February 26, 1991
CARMANIA CORP., N.V., PLAINTIFF,
HAMBRECHT TERRELL INTERNATIONAL, HAMBRECHT TERRELL, P.C., ARCHITECTS, EDWARD HAMBRECHT, INDIVIDUALLY, JAMES TERRELL, INDIVIDUALLY, DANIEL BARTELUCE, INDIVIDUALLY, H.M. HUGHES CO., INC., CUSTOM ART METALS, INC., DONALDSON ACOUSTICS CO., INC., HUDSON-SHATZ PAINTING CO., INC., MICHAEL S. COLLYER CORP., AIR IDEAL, INCORPORATED, HUGH O'KANE ELECTRIC COMPANY, INC., PORT MORRIS TILE & TERRAZZO CORP., MARTIN J. LOFTUS CARPETS, INC., DEFENDANTS. THE HAMBRECHT TERRELL INTERNATIONAL CORP., AND HAMBRECHT TERRELL, P.C., THIRD-PARTY PLAINTIFFS, V. SYSKA & HENNESSY, INC., THIRD-PARTY DEFENDANT. H.M. HUGHES CO., INC., PLAINTIFF, V. CARMANIA CORP., N.V., CUSTOM ART METALS, INC., DONALDSON ACOUSTICS CO., INC., HUDSON-SHATZ PAINTING CO., INC., MICHAEL S. COLLYER CORP., AIR IDEAL, INCORPORATED, HUGH O'KANE ELECTRIC COMPANY, INC., PORT MORRIS TILE & TERRAZZO CORP., AMSTERDAM-ROTTERDAM BANK, N.V. AND V.N. SHAFFERMAN, DEFENDANTS.
The opinion of the court was delivered by: Robert P. Patterson, Jr., District Judge.
Defendants Hambrecht Terrell International Corp., Hambrecht
Terrell, P.C., Edward Hambrecht, James Terrell and Daniel
Barteluce (collectively "HTI") and H.M. Hughes Co., Inc.
("Hughes") move pursuant to Rule 12(b)(1) of the Federal Rules
of Civil Procedure to dismiss 88 Civ. 5507 for lack of subject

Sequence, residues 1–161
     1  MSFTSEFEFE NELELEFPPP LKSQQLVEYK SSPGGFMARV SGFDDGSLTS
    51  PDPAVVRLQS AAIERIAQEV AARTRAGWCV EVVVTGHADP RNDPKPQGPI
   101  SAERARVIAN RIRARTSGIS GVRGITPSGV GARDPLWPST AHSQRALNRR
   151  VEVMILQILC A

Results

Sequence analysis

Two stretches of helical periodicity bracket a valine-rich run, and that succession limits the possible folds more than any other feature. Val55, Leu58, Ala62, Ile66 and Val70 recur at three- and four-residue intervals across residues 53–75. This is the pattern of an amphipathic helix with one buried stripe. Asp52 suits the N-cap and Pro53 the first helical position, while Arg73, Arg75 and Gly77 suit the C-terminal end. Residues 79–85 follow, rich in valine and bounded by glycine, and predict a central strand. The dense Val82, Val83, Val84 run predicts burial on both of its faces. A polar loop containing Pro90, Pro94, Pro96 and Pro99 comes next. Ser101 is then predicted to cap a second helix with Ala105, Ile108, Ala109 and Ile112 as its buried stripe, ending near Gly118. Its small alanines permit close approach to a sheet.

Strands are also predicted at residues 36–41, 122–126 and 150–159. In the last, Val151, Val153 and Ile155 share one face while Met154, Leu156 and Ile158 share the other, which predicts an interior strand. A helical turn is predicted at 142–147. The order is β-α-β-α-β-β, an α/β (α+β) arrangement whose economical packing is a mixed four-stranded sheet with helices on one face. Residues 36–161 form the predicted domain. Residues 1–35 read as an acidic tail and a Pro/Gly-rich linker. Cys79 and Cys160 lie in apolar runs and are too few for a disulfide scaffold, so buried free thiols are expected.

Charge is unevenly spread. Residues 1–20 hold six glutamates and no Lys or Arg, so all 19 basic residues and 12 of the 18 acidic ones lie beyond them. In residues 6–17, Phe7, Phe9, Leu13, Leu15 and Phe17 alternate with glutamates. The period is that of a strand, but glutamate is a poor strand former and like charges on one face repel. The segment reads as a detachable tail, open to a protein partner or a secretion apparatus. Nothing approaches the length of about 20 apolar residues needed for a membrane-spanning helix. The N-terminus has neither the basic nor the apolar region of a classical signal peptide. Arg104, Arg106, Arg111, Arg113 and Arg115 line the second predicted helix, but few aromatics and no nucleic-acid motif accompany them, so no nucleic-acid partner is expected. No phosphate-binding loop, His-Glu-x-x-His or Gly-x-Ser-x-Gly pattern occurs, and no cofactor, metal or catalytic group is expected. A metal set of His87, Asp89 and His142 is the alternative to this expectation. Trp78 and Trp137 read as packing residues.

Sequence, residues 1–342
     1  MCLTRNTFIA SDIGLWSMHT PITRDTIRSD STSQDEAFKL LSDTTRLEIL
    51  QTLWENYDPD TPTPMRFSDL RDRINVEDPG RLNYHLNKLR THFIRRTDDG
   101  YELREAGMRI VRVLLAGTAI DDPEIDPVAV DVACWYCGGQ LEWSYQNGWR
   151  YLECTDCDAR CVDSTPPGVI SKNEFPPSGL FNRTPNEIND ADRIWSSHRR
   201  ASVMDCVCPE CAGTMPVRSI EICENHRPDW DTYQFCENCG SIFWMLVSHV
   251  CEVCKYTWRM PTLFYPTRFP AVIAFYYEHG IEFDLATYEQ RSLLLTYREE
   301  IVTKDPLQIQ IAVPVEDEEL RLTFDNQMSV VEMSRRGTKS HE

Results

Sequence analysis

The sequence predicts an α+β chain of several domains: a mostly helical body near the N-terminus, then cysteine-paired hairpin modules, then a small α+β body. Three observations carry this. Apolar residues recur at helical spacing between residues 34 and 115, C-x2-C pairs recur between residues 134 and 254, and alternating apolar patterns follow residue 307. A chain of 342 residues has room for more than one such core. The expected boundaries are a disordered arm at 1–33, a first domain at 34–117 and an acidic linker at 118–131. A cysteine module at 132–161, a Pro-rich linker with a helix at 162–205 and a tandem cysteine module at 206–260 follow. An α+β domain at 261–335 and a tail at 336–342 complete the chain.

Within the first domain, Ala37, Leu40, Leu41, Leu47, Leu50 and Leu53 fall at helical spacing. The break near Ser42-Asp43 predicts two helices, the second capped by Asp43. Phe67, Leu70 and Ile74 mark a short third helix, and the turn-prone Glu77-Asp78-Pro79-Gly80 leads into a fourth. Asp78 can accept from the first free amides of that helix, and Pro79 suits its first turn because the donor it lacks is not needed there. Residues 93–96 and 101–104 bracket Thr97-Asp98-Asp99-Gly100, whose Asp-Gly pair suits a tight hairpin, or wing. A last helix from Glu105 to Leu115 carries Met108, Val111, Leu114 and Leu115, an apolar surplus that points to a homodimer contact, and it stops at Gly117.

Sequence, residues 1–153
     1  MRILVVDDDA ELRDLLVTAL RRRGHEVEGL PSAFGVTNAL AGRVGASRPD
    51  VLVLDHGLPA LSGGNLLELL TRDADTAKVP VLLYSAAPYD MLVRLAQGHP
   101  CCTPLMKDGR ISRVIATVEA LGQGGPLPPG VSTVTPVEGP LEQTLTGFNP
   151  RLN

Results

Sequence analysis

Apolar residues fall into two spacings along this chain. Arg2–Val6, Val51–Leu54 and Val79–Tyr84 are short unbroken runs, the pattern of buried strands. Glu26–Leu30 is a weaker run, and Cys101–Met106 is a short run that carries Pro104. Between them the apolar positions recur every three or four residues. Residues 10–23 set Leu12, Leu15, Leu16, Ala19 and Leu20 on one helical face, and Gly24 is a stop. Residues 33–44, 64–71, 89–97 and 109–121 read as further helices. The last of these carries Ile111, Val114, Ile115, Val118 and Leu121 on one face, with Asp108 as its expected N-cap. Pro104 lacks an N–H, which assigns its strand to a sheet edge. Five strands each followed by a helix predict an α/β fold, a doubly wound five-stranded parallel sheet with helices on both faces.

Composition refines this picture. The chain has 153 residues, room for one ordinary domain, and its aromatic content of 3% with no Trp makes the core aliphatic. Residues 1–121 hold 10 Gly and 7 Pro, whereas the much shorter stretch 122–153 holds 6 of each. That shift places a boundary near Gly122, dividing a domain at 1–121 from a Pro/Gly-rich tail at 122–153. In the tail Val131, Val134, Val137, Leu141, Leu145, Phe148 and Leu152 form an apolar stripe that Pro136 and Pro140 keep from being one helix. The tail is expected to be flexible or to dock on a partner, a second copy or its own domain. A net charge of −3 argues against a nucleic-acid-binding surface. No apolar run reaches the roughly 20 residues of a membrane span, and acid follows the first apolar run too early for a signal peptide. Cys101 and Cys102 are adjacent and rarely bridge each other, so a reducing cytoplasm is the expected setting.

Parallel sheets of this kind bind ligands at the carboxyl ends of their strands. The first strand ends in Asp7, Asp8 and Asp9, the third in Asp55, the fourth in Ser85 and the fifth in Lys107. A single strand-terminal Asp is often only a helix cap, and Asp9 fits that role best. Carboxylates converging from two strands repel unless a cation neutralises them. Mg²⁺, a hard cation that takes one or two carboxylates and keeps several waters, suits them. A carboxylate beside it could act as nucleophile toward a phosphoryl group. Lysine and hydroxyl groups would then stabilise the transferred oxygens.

matter jurisdiction and pursuant to 28 U.S.C. § 1447 to remand
88 Civ. 5691, on the ground that plaintiff Carmania Corp., N.V.
("Carmania") is a citizen of New York and therefore diversity
of citizenship is lacking.
For the reasons stated below, the motions to dismiss 88 Civ.
5507 and to remand 88 Civ. 5691 are granted. The third-party
complaint in 88 Civ. 5507 is also dismissed because the Court
does not have jurisdiction over the main action.
The facts of this case have been set forth more fully in a
prior opinion of this Court. Carmania Corp., N. V. v. Hambrecht
Terrell International, et al., 705 F. Supp. 936 (S.D.N Y
1989),*fn1 reargument denied, 705 F. Supp. 936 (S.D.N.Y. 1989).
The facts relevant to these motions follow. Plaintiff Carmania
Corp., N.V. ("Carmania") is incorporated in the Netherlands
Antilles. Carmania brought suit in federal court and removed
the related state action
to federal court, claiming that because it is a foreign
corporation and its principal place of business was allegedly
in the Netherland Antilles, diversity jurisdiction existed. As
a result of recent discovery efforts by defendants, the parties
have stipulated, for purposes of this action, that Carmania's
principal place of business is in the City and State of New
York and that the pending motions by plaintiff for a protective
order and by HTI to compel disclosure and for a stay should be
deemed a motion to dismiss 88 Civ. 5507 and to remand 88 Civ.
5691.*fn2 The HTI defendants are citizens of the state of New
York for purposes of diversity jurisdiction. At issue is
whether under 28 U.S.C. § 1332(c), Carmania is deemed to be a
citizen of the state of New York, thereby defeating diversity